Wakefield’s Health Comes Before Pennant Race

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As the song goes, it's one, two, three shots, you're out.

Or something like that.

The latest news on Tim Wakefield is more than a little bit alarming. The 43-year-old Red Sox hurler was given his third cortisone shot of the 2009 season on Thursday, as the Sox try desperately to get their All-Star back to peak condition in time for late September and October.

This is the part of the season that matters most. All along, the Red Sox' goal was to play for a trip to the World Series — Boston expects rings, and no one around New England likes falling short of expectations. Wakefield's brilliant first half of 2009 was a thrill to watch, but it means nothing if he can't follow it up with some strong crunch-time innings.

But if you listen to the word coming out of the Red Sox' clubhouse, it doesn't sound encouraging.

"If he can?t do it or if he?s throwing and it seems to go backward, yeah, we wouldn?t pitch him," manager Terry Francona told The Boston Globe on Thursday. "This is just a target, and we can always change that if we?re supposed to or we need to."

In other words, the Red Sox have no idea when he will pitch again.

Francona has already scratched Wake from his scheduled start this weekend against Tampa Bay. We won't see him early next week, either, when the Red Sox take on the Angels in a series with huge playoff implications. The best-case scenario, realistically, is to see Wakefield in action a week from now when the Red Sox play the Orioles next weekend.

Or is it?

What's the best approach for Wakefield, in the long run? Isn't that what's really important?

No one wants to see a beloved member of the Red Sox family overextend himself and blow out his arm to face the Orioles in September. This is a pennant race, and every win is important, but the health of a treasured 17-year-veteran is more important. Ultimately, this is about Tim Wakefield.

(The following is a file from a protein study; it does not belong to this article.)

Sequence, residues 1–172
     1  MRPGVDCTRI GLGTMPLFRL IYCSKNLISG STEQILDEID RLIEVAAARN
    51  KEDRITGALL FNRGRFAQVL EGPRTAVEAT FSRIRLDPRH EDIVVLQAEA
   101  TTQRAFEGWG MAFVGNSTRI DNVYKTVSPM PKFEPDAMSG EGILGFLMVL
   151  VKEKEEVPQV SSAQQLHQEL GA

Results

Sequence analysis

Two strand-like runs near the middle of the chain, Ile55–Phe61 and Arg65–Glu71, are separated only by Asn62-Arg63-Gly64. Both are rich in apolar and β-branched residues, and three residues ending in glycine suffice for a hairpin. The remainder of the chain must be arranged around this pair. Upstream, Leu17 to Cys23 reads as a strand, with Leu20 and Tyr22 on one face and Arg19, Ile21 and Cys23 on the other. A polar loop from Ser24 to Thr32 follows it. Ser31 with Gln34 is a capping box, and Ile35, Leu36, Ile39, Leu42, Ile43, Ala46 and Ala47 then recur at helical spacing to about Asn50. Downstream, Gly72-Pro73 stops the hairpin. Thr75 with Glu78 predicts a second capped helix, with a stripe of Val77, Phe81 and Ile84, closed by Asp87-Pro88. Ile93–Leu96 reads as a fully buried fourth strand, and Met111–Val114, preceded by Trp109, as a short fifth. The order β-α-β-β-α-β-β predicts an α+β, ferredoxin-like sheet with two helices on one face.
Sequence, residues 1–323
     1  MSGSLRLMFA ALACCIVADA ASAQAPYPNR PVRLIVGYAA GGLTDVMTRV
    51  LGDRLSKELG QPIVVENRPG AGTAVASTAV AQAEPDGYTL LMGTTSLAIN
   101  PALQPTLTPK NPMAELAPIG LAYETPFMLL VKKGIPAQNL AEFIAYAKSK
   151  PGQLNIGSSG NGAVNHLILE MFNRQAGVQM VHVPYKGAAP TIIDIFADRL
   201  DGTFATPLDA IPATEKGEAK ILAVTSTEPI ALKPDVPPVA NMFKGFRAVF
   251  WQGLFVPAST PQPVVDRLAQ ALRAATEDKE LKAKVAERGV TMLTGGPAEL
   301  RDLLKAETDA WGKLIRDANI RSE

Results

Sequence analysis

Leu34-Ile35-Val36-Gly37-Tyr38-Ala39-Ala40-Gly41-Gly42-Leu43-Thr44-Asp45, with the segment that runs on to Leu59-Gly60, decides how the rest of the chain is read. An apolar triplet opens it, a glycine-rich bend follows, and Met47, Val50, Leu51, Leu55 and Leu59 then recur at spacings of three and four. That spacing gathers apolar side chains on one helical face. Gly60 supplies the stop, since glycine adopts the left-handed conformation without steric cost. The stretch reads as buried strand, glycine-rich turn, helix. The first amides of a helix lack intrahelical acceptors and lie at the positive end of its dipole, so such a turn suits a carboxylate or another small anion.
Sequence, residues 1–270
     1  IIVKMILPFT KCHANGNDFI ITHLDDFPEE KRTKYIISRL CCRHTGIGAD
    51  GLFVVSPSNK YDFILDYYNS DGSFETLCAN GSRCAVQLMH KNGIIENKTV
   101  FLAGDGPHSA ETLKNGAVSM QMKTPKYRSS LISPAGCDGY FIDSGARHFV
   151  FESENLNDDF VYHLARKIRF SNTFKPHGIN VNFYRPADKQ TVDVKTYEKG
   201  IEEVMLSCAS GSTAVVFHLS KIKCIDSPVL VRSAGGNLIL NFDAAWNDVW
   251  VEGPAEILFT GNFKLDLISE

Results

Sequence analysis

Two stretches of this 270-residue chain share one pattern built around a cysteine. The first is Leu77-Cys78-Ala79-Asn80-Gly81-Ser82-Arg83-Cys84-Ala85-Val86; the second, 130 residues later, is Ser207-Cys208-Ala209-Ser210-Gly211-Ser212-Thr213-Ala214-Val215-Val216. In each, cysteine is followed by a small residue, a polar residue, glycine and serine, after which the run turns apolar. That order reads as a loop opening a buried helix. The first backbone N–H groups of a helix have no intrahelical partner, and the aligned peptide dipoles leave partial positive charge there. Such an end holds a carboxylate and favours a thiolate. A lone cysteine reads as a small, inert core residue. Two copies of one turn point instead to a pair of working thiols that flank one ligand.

We would all love to see a healthy Wakefield on the mound in October, pitching on the game's biggest stage and carrying the Red Sox back to the World Series. But if that can't happen, there's a bigger picture worth seeing.

Even at 43, he's got a career ahead of him. He's a knuckleballer, which isn't very taxing on the arm — he could pitch until he's 48 if he wanted to. And if he did, it would be with the Red Sox, the franchise he's been loyal to for a decade and a half.

The Red Sox can survive September without Wakefield. They have Josh Beckett ready to bounce back, Jon Lester dominating, Clay Buchholz ready for the big time and Daisuke Matsuzaka cruising back to the major leagues. They have live arms that can, if need be, keep the team afloat in Wake's absence.

In the meantime, it's good to see that the Red Sox have a plan.

"Probably gets his activity limited for a couple days," Francona told the Globe, "and then do as much throwing and side work [as he can] — and again, trying to balance that to where he can pitch effectively and not throw his physical part of it backward. But the plan is for him to get another shot."

That sounds fair. The Red Sox want to have him back, but only if it's a forward step in his return to peak condition. That's the goal — a healthy Wakefield, one that can keep pitching in a Red Sox uniform for years to come.

And if he can pitch in October, too, then that's a nice bonus.

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